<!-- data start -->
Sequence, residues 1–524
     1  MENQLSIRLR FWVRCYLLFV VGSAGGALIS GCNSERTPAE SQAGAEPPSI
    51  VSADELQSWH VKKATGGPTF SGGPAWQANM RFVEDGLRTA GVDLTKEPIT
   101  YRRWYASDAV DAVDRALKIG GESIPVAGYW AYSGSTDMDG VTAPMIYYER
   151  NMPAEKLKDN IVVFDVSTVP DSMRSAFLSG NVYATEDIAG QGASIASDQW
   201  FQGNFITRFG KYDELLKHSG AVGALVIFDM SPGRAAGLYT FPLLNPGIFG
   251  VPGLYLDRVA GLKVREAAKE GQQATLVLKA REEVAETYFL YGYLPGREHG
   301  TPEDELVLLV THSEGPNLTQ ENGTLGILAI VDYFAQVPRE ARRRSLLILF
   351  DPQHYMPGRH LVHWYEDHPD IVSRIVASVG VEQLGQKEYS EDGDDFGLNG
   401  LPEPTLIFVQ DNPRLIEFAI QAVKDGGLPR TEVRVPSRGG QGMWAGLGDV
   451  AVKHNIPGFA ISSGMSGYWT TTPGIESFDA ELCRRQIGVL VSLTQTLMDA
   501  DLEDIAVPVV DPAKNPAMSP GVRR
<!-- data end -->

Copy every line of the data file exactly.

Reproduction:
Sequence, residues 1–524
     1  MENQLSIRLR FWVRCYLLFV VGSAGGALIS GCNSERTPAE SQAGAEPPSI
    51  VSADELQSWH VKKATGGPTF SGGPAWQANM RFVEDGLRTA GVDLTKEPIT
   101  YRRWYASDAV DAVDRALKIG GESIPVAGYW AYSGSTDMDG VTAPMIYYER
   151  NMPAEKLKDN IVVFDVSTVP DSMRSAFLSG NVYATEDIAG QGASIASDQW
   201  FQGNFITRFG KYDELLKHSG AVGALVIFDM SPGRAAGLYT FPLLNPGIFG
   251  VPGLYLDRVA GLKVREAAKE GQQATLVLKA REEVAETYFL YGYLPGREHG
   301  TPEDELVLLV THSEGPNLTQ ENGTLGILAI VDYFAQVPRE ARRRSLLILF
   351  DPQHYMPGRH LVHWYEDHPD IVSRIVASVG VEQLGQKEYS EDGDDFGLNG
   401  LPEPTLIFVQ DNPRLIEFAI QAVKDGGLPR TEVRVPSRGG QGMWAGLGDV
   451  AVKHNIPGFA ISSGMSGYWT TTPGIESFDA ELCRRQIGVL VSLTQTLMDA
   501  DLEDIAVPVV DPAKNPAMSP GVRR